Amazon Kindle users are noting a new support message from Amazon when browsing the Internet using their Kindle 3G – they’re now being limited to 50MG of browsing per month on their 3G network. The days of unlimited browsing for Kindle users are over, apparently.
Amazon has had a 50MG limit imposed since the Kindle 3G first launched, but has not enforced it until now. The move was to make the Kindle competitive with true tablets like the iPad and to gain interest from users once word got out that the 3G browsing limit was not being enforced.
The 3G bandwidth limit does not apply to access to Amazon.com and media downloads purchased from there, but does mean that browsing the Web otherwise will be extremely limited. It does not affect WiFi access, of course.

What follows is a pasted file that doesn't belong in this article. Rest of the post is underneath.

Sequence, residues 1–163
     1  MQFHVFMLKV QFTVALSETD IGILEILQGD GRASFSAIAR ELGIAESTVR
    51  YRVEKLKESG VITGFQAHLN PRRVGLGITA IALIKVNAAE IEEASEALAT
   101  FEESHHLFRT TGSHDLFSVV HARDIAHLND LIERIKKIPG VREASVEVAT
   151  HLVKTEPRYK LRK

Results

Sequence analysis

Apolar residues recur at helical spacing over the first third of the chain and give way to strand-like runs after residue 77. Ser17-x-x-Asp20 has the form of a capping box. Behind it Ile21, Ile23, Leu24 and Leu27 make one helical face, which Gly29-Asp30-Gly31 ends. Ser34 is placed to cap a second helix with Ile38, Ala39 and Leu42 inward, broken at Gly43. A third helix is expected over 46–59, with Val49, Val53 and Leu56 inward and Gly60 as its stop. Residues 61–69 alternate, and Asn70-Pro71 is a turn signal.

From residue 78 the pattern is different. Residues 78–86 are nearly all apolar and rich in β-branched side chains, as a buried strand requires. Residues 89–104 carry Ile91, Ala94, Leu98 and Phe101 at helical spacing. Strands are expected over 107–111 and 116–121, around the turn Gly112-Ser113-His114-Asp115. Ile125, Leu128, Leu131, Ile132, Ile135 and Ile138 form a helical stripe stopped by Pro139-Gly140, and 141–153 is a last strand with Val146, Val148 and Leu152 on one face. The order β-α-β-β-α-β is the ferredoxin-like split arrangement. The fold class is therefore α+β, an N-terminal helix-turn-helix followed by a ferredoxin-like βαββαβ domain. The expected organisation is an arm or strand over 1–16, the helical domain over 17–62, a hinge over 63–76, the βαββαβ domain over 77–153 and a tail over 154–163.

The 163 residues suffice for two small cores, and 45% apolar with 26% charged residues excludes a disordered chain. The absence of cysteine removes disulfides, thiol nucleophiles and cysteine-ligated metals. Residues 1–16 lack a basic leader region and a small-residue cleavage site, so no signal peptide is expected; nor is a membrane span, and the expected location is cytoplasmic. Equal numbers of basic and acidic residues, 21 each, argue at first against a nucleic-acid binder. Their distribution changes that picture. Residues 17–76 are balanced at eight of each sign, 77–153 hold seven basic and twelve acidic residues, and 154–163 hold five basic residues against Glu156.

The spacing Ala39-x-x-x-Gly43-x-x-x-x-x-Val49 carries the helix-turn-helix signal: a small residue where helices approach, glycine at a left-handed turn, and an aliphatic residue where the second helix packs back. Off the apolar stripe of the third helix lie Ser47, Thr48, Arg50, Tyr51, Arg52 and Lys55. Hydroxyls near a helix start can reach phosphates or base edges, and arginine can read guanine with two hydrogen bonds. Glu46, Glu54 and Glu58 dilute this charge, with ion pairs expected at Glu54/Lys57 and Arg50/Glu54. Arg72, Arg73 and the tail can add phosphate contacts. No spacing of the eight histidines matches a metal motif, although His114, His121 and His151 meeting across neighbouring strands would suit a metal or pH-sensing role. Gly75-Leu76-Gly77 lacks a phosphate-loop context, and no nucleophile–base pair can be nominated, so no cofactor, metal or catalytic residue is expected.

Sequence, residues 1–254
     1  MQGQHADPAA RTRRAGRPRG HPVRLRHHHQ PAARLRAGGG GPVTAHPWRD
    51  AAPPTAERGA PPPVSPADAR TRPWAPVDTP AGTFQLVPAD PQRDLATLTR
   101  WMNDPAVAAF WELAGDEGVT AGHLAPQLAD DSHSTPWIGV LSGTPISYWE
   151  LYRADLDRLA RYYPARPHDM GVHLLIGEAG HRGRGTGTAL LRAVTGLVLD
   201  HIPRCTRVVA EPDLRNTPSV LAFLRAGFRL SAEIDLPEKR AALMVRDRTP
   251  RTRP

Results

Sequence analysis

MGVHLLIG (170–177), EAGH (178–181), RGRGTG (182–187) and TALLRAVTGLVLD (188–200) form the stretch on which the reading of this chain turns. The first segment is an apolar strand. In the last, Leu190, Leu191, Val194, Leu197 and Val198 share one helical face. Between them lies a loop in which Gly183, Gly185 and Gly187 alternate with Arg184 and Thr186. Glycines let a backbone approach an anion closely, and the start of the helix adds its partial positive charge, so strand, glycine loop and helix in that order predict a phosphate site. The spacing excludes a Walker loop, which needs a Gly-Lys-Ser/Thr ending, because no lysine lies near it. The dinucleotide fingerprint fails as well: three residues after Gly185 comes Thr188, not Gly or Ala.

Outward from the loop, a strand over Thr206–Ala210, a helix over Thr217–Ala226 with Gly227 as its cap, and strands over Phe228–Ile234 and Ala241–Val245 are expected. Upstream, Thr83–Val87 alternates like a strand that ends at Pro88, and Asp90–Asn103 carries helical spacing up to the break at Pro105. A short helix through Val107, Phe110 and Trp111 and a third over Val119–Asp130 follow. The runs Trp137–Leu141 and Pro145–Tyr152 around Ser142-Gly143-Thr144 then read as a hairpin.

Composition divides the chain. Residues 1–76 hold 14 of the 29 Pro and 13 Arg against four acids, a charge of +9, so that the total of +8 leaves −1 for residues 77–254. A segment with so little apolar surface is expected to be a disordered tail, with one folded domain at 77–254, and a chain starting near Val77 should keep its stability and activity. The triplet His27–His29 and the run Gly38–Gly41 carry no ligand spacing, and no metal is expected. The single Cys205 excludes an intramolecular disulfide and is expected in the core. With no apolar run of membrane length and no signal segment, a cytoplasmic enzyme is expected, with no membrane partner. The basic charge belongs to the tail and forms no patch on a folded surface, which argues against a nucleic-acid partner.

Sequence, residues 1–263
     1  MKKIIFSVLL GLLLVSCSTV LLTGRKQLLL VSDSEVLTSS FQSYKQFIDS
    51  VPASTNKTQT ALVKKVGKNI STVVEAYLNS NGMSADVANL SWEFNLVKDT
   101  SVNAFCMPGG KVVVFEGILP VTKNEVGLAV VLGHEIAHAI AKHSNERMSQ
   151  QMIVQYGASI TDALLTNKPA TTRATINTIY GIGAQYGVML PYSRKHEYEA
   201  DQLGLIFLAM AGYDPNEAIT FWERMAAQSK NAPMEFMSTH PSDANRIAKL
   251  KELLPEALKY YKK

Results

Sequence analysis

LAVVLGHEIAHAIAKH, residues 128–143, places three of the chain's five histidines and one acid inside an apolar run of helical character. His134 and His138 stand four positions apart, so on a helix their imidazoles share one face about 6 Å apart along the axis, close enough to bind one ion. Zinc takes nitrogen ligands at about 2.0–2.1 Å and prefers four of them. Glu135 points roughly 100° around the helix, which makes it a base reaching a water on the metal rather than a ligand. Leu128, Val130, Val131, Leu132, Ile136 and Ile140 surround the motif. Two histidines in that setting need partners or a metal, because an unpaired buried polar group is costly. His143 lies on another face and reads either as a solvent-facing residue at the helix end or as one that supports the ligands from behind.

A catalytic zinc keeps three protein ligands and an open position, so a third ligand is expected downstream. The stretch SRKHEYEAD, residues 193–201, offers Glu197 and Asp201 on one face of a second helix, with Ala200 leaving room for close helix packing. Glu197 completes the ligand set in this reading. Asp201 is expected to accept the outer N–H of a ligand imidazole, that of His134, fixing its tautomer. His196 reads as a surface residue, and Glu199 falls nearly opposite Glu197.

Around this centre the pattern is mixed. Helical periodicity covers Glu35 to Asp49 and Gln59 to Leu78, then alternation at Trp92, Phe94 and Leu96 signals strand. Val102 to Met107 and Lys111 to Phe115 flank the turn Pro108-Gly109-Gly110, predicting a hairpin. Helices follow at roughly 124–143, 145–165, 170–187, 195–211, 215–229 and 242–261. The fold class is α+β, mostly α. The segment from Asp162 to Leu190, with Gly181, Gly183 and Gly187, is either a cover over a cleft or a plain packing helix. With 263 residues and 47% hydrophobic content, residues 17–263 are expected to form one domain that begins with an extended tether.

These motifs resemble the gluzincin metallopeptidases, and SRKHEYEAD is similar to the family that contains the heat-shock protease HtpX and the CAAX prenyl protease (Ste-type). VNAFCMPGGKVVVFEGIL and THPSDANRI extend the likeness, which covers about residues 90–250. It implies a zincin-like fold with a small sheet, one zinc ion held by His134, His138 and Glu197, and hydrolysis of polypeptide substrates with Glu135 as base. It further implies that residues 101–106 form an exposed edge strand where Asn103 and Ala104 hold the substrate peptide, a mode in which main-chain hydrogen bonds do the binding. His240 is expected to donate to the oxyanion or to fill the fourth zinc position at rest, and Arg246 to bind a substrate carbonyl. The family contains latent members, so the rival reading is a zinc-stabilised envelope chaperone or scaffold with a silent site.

The limit also applies to the Kindle Touch, but when that device released last fall, the limit was enforced from the get-go, causing some users to go with a Kindle 3G instead in order to take advantage of the unlimited access.
Back in February, someone posted a hack to allow your unlimited 3G Kindle to port to your laptop so you could use it on your computer all the time. While a few probably did do this, the number of people who did was likely not significant enough for Amazon to have really taken notice. Rumors that this is the reason for Amazon’s crackdown are flimsy for that reason.
It’s more likely that Amazon left it uncapped in order to attract buyers. Now that the Kindle 3G is nearing the end of its product life and will likely soon be replaced with another model, it was time to impose the limits now and save the corporate pocketbook from the expense before a new iteration released, thereby keeping bad PR to a minimum.